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Features / March 15, 2011

Wanda Koop: Friend + Film

TORONTO I first met Wanda Koop in 1987. I was the intern sent by Vancouver’s Women In Focus Gallery to collect Wanda, who was arriving by train from Winnipeg for an exhibition. In those days, she wouldn’t fly.

Our connection was instant. Wanda loved my green Volkswagen Beetle. I loved her distinctive eyeglasses, her idiosyncratic clothes and her magnetic aura. We spent a week installing her ambitious, big, heavy plywood paintings. She had extraordinary physical and mental stamina, and we laboured until everything was perfect.

By 1989, I was an awards officer at the Canada Council. In those days, juries flew across the country to adjudicate senior work on-site. Wanda was a juror, and I reconnected with her on a plane bound for Vancouver. Mid-flight, a tour-group leader unexpectedly seized the public address to announce lunch in a foreign language. Wanda experienced it as a crisis, not a menu. It was her first flight after rounds of hypnosis to overcome her fear of flying, and I spent the rest of the trip with her clamped to my arm.

According to Wanda, I once rescued her from the Art Gallery of Ontario after a migraine left her temporarily blind. I only remember Wanda helping me: spoiling my daughter and reminding me that, while earning a living might be fine, I was a good artist and I should get to it.

In the 1990s, I stayed a few times at the Winnipeg house that she lived in for 30 years. The basement was full of clothing: dozens of vintage winter coats, cowboy shirts, shoes and hats. The living-room couch (a white, curving model from the 1950s) changed colour with every new hand-sewn cover. I don’t remember her cooking or watching television. I do remember the cold, 20-minute walk across town to her fifth-floor warehouse studio. The space scared me at night, but Wanda never seemed frightened—even after paintings were vandalized during a break-in, and a decade of paper works were lost to smoke damage from a nearby fire. I remember Wanda’s constant financial juggling, the pressure of ambitious shows and the always-in-time, miraculous sales. There was also the warm, steady presence of her mother, sisters, nieces, nephews and her then-partner, William Eakin. Winnipeg was always her home and her community.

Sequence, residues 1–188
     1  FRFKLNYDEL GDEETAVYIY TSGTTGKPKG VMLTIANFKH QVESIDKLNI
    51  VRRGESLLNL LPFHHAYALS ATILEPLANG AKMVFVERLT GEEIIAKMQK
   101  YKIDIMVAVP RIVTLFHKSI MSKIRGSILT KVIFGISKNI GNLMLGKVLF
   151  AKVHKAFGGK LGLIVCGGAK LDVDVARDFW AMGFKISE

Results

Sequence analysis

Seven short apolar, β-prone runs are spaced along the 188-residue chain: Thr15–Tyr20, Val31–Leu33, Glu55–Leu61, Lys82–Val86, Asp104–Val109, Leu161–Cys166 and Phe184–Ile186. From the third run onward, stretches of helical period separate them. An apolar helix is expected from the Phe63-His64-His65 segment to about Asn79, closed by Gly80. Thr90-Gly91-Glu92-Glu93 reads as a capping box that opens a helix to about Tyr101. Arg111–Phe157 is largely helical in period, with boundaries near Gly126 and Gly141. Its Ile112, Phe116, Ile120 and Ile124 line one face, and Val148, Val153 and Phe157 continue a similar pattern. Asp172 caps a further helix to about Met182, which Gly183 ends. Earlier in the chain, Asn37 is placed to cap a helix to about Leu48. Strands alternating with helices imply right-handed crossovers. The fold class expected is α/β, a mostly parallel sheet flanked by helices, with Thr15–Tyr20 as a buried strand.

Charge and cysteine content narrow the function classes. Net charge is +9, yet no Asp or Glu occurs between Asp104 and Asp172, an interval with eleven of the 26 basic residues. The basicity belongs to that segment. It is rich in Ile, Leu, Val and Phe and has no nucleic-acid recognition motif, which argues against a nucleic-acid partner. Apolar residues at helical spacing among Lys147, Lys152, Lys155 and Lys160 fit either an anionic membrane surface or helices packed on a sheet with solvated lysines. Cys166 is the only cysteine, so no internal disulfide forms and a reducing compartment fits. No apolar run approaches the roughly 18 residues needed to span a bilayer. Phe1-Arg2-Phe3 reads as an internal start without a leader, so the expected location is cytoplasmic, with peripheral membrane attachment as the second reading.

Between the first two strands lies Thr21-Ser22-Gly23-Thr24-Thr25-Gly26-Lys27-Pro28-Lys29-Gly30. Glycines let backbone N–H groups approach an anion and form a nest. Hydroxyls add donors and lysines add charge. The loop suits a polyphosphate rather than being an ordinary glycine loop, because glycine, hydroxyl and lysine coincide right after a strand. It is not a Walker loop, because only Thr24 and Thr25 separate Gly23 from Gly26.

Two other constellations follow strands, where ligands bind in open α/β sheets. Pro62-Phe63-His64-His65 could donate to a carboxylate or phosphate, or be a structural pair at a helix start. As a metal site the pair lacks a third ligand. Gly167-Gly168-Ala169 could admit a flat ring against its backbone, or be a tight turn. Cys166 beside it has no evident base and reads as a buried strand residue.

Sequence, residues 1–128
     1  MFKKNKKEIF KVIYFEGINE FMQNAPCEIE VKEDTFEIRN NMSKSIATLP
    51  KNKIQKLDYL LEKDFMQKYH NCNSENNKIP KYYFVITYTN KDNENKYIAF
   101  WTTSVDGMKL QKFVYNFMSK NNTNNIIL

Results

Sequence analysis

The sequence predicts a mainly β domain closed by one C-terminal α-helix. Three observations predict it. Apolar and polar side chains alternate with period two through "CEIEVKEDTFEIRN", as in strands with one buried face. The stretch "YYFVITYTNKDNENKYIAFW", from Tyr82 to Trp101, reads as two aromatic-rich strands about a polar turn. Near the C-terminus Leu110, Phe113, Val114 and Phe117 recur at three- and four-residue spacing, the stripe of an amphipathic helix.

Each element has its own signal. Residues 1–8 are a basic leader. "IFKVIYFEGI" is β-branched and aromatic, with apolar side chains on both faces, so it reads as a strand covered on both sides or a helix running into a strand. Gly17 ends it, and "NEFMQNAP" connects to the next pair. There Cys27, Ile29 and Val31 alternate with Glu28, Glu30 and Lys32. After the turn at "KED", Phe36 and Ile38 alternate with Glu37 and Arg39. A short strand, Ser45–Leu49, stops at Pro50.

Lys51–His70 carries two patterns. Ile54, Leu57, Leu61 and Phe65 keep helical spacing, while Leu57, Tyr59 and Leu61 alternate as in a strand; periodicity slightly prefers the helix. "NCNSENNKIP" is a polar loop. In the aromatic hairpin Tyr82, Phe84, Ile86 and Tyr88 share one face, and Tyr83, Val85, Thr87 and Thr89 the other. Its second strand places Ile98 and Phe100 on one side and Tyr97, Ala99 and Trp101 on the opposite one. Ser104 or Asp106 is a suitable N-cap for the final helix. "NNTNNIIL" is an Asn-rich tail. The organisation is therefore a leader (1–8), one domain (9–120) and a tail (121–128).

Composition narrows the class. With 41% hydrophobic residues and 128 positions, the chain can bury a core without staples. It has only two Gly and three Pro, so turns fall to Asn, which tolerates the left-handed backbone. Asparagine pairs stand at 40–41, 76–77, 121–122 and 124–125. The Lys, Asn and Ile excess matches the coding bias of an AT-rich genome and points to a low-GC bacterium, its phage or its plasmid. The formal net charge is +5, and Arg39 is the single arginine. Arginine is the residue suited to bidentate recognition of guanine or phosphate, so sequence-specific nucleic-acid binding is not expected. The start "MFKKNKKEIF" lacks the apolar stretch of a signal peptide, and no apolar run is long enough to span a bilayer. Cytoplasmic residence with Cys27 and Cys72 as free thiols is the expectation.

In 2001, Wanda turned her life upside-down. She sold the house, bought an industrial building—the National Wiper Factory—and converted it into a studio under great duress. When I first saw her new space, it mesmerized me. I wanted to stay there all day, pace its perimeter, watch the light change and hang out in the kitchen. I began to visualize a film centred on Wanda’s relation to light, space and colour. I visited a couple times and brought my video camera. Wanda’s current partner, Stephen Hunter, watched me work, and one day hauled out his construction scaffold to give me another perspective. Maybe it was then, up on the scaffold, looking down the length of the studio toward my favourite Sightlines painting, that I first thought about taking Wanda—and my camera—out on the freighter that serves as the setting for the film KOOP.

Painting is private for Wanda. She allowed me to film her sketching and preparing, but never painting. The ship offered a neutral space, where we were all equally on-edge. I knew that Wanda would like the Birchglen bulk carrier, and that the ship would like her. We were guests of Captain Bob Wilkie, alongside whom I had studied at the Nova Scotia College of Art and Design in the 1970s.

Wanda, cinematographer Marcia Connolly and I boarded the Birchglen in Quebec City via a rope ladder that was almost three storeys high. We ate giant meals, and spent our days on the bridge and our nights waking up whenever we approached a port or a city—seven days on the St. Lawrence River. The ship somehow possessed the familiar quality that a studio has before or after you start new work, when the outcomes aren’t clear and you have to just be with it.

The film, which debuted at the Canadian Art Foundation’s Reel Artists Film Festival in Toronto in February, tries to get inside the studio that Wanda carries in her brain. It is a film about her imagination, about how she sees, and about being an artist, making work and not giving up—the whole fantastically great process.

This is an article from the Spring 2011 issue of Canadian Art. To read more from this issue, please visit its table of contents.